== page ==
William Whyte’s core idea in The Organization Man is that the Protestant Ethic that characterized financial and personal success in American history had been replaced in modern times by the Social Ethic. This stressed the group as the source of creativity and emphasized that the greatest need of the individual is to belong to a group. To investigate this idea, Whyte spent years interviewing the CEOs of Fortune 500 companies when he was an editor at Fortune magazine, one of the top business publications in the United States at the time. What he found was that the recruitment and training were much more focused on “cultural fit” than on technical skill or experience level. As the ranks of new junior executives grew in post-World War II America, so did their impact on urban development and consumer spending. Droves of “package suburbs” sprang up in the fields surrounding major metropolitan areas, and a strong post-war economy coupled with funding from the GI Bill made new homes, cars, and household goods affordable for young families.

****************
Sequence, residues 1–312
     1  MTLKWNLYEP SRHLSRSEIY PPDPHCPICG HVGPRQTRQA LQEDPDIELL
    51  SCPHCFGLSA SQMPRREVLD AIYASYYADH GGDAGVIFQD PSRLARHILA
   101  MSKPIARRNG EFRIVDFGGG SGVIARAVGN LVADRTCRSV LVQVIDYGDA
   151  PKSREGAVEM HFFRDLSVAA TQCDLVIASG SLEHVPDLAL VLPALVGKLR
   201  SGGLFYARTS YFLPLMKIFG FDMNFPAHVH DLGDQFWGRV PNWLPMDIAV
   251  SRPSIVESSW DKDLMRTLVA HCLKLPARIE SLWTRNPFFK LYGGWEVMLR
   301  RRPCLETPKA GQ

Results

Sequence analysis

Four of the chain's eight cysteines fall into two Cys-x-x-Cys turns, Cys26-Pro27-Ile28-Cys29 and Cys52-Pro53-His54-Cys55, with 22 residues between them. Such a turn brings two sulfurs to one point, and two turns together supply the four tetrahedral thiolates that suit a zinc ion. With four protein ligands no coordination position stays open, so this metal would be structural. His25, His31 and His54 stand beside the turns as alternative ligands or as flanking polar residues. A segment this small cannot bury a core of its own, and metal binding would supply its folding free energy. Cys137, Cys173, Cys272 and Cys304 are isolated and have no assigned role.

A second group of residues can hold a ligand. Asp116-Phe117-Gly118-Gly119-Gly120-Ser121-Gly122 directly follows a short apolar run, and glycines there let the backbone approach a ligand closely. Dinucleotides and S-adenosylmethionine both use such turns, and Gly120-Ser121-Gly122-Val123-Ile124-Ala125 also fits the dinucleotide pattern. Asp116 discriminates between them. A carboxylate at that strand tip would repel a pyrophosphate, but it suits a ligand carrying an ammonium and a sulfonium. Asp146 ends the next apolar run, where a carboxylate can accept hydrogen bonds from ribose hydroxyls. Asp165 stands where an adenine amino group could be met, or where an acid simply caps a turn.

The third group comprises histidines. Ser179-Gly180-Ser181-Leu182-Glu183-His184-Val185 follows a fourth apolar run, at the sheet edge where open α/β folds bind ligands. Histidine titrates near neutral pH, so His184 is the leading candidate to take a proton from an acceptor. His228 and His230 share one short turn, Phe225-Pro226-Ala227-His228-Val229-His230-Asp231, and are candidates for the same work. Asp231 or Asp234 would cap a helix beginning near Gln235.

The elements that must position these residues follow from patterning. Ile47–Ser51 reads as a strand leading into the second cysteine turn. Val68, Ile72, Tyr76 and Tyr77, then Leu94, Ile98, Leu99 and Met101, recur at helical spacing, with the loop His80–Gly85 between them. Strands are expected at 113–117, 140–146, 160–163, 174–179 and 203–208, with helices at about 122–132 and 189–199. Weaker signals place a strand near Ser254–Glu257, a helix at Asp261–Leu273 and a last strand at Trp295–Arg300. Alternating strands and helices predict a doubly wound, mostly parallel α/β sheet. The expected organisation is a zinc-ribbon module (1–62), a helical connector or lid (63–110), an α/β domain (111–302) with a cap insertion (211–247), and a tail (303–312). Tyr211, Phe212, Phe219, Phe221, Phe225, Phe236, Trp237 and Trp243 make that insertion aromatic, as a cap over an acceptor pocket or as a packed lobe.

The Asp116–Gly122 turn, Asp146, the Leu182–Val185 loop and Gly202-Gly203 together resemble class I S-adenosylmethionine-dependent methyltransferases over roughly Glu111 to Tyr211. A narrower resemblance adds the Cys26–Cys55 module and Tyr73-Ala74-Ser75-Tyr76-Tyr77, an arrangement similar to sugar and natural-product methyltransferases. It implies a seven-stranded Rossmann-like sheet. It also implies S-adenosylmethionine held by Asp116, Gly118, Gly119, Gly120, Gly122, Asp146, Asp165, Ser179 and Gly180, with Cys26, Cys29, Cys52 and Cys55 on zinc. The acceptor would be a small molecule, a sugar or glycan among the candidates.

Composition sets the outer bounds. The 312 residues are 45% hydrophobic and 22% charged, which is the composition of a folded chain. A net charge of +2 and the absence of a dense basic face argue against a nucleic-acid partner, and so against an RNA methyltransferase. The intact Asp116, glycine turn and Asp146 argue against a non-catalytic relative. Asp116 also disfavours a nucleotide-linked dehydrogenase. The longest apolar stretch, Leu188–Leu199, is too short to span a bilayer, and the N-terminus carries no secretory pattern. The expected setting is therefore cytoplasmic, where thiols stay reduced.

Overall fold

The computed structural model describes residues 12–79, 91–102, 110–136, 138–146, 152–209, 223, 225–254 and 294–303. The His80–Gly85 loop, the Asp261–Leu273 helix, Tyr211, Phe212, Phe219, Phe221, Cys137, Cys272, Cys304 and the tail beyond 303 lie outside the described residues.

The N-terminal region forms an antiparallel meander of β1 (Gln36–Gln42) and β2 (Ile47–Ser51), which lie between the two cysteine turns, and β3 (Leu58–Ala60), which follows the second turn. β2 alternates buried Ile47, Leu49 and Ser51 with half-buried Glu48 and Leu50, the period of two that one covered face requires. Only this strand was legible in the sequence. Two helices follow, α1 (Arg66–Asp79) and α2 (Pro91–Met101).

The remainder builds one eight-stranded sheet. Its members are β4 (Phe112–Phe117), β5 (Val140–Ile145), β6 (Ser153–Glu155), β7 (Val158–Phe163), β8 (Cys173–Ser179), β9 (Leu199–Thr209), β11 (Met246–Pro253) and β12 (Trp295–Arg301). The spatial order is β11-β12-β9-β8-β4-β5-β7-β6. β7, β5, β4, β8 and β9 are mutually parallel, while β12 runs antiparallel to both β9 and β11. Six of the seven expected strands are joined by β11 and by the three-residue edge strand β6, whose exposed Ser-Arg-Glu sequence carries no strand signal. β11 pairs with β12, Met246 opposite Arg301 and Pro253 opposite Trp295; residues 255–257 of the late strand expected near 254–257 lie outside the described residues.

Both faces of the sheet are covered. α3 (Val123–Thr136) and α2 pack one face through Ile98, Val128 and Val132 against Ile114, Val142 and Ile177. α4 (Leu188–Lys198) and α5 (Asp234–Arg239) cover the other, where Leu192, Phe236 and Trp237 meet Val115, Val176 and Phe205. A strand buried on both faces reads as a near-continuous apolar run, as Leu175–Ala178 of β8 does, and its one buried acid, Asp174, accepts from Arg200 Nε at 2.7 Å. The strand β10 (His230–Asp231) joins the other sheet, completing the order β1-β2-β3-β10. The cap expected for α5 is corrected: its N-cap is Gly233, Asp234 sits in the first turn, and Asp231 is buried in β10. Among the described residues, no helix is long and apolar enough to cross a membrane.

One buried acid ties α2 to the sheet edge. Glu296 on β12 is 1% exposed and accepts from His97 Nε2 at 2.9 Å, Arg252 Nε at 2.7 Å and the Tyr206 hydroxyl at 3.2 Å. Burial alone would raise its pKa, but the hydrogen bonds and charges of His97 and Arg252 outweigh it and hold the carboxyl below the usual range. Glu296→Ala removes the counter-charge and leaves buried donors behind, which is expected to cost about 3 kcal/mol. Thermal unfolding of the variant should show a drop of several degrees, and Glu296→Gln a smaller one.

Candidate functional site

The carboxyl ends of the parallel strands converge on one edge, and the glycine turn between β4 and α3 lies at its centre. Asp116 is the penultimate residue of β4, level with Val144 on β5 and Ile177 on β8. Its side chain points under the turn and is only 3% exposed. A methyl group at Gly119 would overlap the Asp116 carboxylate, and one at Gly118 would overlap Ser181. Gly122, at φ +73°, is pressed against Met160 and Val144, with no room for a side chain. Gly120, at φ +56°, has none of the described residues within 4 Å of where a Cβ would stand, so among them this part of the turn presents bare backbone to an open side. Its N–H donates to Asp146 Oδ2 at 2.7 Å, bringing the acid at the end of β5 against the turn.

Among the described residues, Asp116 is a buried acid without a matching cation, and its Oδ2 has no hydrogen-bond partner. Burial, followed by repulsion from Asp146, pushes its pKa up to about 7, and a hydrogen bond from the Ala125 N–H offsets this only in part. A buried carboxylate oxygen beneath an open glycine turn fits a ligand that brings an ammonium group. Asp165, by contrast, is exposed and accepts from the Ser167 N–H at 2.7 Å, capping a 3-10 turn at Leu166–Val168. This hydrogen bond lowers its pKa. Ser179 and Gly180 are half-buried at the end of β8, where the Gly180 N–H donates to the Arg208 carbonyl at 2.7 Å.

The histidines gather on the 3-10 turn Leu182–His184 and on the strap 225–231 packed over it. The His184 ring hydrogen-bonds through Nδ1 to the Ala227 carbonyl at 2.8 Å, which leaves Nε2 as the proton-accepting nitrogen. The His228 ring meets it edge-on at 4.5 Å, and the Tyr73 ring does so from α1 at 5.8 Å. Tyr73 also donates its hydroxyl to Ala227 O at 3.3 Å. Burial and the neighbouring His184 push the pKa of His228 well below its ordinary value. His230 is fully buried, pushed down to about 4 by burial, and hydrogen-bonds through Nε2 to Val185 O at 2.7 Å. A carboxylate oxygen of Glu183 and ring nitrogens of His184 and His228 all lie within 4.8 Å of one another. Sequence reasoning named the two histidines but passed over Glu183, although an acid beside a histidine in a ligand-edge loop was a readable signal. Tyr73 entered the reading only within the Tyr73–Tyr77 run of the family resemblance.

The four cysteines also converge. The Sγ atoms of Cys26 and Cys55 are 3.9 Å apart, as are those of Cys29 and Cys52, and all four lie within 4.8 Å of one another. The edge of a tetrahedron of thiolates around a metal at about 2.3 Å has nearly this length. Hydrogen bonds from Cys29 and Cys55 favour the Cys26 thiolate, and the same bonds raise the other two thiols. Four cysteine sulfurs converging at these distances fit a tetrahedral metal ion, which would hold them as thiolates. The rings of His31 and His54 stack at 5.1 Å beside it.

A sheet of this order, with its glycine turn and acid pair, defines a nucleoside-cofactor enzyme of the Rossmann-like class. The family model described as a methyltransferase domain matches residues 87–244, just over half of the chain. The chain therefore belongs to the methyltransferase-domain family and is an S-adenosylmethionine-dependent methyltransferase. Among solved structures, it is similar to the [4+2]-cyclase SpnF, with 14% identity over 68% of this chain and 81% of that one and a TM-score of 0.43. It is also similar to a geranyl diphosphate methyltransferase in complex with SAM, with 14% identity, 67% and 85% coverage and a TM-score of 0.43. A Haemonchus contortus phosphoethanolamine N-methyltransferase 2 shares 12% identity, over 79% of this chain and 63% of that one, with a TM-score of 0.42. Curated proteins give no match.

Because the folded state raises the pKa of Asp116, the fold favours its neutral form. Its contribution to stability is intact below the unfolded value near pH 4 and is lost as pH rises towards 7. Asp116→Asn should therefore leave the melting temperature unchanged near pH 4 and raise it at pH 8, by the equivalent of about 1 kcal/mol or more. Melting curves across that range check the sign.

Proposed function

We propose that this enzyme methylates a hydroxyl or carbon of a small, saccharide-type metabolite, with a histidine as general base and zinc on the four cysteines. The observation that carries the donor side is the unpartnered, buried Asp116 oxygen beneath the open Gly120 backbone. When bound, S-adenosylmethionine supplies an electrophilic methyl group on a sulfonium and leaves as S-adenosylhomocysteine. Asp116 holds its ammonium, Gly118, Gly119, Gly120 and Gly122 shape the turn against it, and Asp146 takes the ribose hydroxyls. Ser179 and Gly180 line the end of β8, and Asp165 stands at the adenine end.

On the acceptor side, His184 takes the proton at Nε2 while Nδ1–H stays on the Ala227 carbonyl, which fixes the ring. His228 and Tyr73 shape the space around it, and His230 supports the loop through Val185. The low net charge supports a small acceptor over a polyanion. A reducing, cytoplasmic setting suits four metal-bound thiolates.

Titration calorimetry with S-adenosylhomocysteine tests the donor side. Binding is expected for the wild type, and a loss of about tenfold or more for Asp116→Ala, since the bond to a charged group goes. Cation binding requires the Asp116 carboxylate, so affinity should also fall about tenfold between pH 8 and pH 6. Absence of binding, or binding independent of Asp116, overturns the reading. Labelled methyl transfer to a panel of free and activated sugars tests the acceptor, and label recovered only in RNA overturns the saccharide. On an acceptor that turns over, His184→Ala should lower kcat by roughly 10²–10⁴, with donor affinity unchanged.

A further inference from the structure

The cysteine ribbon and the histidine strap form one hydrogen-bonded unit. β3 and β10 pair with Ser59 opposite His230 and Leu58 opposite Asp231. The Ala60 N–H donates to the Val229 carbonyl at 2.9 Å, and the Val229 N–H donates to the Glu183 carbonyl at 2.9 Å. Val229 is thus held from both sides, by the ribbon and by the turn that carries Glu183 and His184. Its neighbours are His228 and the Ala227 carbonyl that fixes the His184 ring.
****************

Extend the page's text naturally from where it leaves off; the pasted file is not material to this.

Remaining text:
Table of Contents
Ways in to the Text
Who was William H. Whyte?
What does The Organization Man Say?
Why does The Organization Man Matter?
Section 1: Influences
Module 1: The Author and the Historical Context
Module 2: Academic Context
Module 3: The Problem
Module 4: The Author's Contribution
Section 2: Ideas
Module 5: Main Ideas
Module 6: Secondary Ideas
Module 7: Achievement
Module 8: Place in the Author's Work
Section 3: Impact
Module 9: The First Responses
Module 10: The Evolving Debate
Module 11: Impact and Influence Today
Module 12: Where Next?
Glossary of Terms
People Mentioned in the Text
Nikki Johnson Springer is currently a joint MBA and PhD Student at Yale University.